Study Design. Telephone survey and longitudinal analysis of judicial database for cohort of worker's compensation (WC) claimants in Missouri.
Objective. To compare legal difficulties experienced by African American and white WC claimants presettlement versus postsettlement.
Summary of Background Data. Retrospective studies suggest that workers with occupational back injuries experience financial and personal duress after claim settlement. This study examined these issues by comparing financial and domestic court actions for the 5-year presettlement against 5-year postsettlement. Sociodemographic differences also were examined.
Methods. Missouri judicial records were reviewed for African American (n = 580) and non-Hispanic white (n = 892) WC claimants to determine the frequency with which four types of cases occurred: general financial, domestic financial, residence financial, and domestic behavior. Average annual level of judicial activity during the 5 years before claim settlement was compared to activity for each of five postsettlement years; significance of change was evaluated with univariate and multivariate repeated measures analyses.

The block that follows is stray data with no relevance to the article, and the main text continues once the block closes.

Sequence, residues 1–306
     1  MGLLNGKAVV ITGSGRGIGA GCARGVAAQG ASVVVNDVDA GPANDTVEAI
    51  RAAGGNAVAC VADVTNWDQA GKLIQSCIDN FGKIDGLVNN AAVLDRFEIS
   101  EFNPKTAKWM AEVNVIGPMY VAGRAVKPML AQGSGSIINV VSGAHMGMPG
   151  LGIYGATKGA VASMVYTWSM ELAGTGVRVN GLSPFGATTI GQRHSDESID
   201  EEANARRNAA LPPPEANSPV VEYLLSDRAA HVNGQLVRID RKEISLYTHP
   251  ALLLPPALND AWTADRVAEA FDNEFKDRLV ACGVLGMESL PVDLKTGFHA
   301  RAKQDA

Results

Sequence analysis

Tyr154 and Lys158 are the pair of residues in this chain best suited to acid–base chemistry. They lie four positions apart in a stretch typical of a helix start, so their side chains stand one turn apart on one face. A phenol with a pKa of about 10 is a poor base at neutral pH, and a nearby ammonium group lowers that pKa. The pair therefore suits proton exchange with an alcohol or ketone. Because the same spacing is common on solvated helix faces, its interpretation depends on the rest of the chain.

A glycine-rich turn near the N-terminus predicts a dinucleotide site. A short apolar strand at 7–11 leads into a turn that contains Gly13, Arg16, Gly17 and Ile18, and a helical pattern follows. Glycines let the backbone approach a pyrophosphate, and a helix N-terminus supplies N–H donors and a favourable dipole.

Results. Statistically significant (P < 0.001) postsettlement increases in legal cases were noted for each of the four categories of cases. There were significant interactions between race and time for general financial and domestic financial cases. A significant interaction between age and time occurred for general financial cases. Significant three-way interactions (race × income change × time) emerged for general and domestic financial cases.
Conclusion. The results confirm that workers with occupational back injuries, especially African American and younger adults, encounter long-term financial and domestic duress that appears to escalate with each passing year after claim settlement. This pattern suggests that short-term studies underestimate postsettlement difficulties, particularly among selected demographic cohorts.